PL: You can never see the complete picture. Is there no regulatory central perspective in the editing of these articles of reality?

DW: The ten stories that everyone sees, the 20 stories, are also only a small excerpt from an infinite number of stories. What you see is an excerpt of an excerpt of an excerpt. What you don't see, and the knowledge that there's a lot that you don't see – this is just as important as what you end up seeing. “Situation Rooms” is also a project at the interface of film and theatre.

PL: You encounter the experts through media, virtually. On the other hand, there is hardly any other human interaction that is as real and corporal as killing. What is the relation between the maximally virtual form of your multiplayer video piece and its maximally concrete theme?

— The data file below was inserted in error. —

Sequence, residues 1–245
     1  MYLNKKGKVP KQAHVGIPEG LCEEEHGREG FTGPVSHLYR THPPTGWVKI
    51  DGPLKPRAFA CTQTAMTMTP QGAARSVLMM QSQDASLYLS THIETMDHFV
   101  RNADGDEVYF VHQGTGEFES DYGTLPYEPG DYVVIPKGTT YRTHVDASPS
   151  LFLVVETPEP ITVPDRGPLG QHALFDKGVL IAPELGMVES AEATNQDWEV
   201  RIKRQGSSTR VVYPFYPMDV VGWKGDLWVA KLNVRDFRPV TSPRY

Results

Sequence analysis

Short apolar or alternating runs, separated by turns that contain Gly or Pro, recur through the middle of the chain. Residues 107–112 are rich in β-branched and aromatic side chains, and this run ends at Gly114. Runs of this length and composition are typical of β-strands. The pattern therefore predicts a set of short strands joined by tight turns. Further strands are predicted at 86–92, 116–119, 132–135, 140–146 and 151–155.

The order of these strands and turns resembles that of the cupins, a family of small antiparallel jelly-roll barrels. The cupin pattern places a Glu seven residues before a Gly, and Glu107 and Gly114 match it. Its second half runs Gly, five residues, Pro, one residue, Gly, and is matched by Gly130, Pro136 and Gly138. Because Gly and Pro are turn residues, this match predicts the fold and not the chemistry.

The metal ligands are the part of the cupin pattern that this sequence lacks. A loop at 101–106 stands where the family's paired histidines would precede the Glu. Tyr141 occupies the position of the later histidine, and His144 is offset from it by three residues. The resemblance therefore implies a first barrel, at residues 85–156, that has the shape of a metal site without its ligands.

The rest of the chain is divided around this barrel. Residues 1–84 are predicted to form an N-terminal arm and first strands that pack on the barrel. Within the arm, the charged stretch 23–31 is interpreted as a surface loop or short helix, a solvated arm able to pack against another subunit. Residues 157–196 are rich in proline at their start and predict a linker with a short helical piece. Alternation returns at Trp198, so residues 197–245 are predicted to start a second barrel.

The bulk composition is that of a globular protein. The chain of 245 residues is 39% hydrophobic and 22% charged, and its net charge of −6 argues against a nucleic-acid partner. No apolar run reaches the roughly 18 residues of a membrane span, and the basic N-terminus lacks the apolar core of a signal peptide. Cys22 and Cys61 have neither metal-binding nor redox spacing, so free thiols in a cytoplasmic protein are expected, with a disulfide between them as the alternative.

HH: We were interested in this format and in simultaneous narration before it was clear to us what theme we wanted to examine. Unlike some of our other works, here we did not develop a format that was suitable to the theme. Nonetheless, it is of course anything but random that we are treating precisely these stories in this format. 